I also spoke to the youngest member of the family about what type of music she liked, and who her favourite singer was, and was rather shocked to hear not a list of Francophone singers, but instead a list of names such as Adele, Rihanna, Taylor Swift and many other English-speaking singers. She then showed me a book that her mother got her for her birthday called “Chart Hits of 2012-2013“, which she uses on a regular basis weekly, and which solely include English songs – not a word of French at all.

I also met my landlady’s young nephew, who is about 8 years old. One day he decided to show me some videos on youtube, and it was interesting to see that the videos he’d been looking at had mostly been motorcycle sports videos with English titles and English-speaking people. Although he said that he did not really understand what was being said often, it will be interesting to talk to him more (when I have permission of course) about the use of English in the YouTube videos, and to see what he has to say about it throughout the year. Will it help him acquire English easier? Will he use any words he hears from the videos? Will it make him want to learn English so he can understand the videos more?

2) At the Collège  

Once again, although I have not been able to do any proper interviews yet (until I get my research protocol forms and whatever else checked and signed), I have been able to make field notes about what I’ve seen/ heard so far around the Collège I work in.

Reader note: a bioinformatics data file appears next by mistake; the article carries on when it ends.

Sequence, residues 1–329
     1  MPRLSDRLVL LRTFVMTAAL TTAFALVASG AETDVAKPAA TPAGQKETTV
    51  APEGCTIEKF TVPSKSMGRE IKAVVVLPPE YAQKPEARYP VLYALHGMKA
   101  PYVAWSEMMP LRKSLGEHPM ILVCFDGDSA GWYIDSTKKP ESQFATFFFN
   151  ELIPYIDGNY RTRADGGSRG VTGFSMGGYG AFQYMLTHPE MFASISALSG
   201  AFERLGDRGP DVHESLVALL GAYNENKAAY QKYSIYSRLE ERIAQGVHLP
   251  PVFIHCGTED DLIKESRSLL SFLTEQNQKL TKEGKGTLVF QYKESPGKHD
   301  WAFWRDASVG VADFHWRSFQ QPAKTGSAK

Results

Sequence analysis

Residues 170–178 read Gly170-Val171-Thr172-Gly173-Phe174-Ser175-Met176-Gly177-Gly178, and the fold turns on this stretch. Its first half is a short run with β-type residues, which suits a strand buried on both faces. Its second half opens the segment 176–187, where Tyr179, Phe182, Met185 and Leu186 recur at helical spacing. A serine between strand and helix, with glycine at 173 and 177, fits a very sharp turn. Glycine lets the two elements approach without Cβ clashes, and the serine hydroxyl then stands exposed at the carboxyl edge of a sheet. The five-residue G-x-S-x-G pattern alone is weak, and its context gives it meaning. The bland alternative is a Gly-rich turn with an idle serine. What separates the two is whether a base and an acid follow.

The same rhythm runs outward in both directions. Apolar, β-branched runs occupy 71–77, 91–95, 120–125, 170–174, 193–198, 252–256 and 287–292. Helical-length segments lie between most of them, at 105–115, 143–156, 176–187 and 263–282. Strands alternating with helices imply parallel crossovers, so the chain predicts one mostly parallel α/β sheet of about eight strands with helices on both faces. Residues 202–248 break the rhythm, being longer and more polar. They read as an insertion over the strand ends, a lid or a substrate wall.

I have once again been shocked at the amount of English in and around the Collège. For example, the number of students sporting a T-shirt or other garments of clothing with English writing or phrases has been astounding. I have seen not only clothing with English scrawled upon it, but also multiple pencil cases and school bags.

Unfortunately I have not got any photographs of this, but I hope in the future to be able to do this once I know whether or not it is acceptable or not, and what type of permission I may need to get in order to do this.

Furthermore, as I am working in a Collège, I realise it will be difficult to conduct certain types of interviews because of the age of the students (between 11-14 years old). Therefore, I have spoken to the Principal of the Collège about setting up a sort of English cafe, where I will be able to talk to students informally about whatever they wish. I am hoping to find out about their experiences with English in terms of how much exposure they have to it outside of the classroom, and about what their opinions are on English i.e. Is it used a lot? Too much? Not a lot? Do they feel that they want to learn it to understand things in the media more? etc As the Principal appeared to like the idea of me setting up this cafe a few times a week, the next step will be to talk to him about my project and hopefully have him sign a form allowing me to use what I learn from these interviews as part of my field notes (all anonymity of the students will be respected of course).

3) In town

After the school day ends (at around 17h normally), I usually enjoy having a slow and leisurly walk around this small but picturesque town on the outskirts of Paris, and have managed to find evidence of lots of English in some of the most unexpected places of the town. Here I enclose a few photos of my finds:

poster seen at La gare d'Épône - Mézières (October 8th)
“with special guest” “en live”
“Shampooing”/ “Brushing courts/longs” / “Flash” Seen September 16th
Numerous English books seen at a “normal” French book sale in Épône – seen 4th October
Shop – English name “Tupperware” used seen 4th October
English translation directly below French Seen September 16th
“Stop” instead of “s’arrêter” Seen september 16th
“SWAG” – English expression Seen September 16th on a wall

Et voilà, my second complete post from France.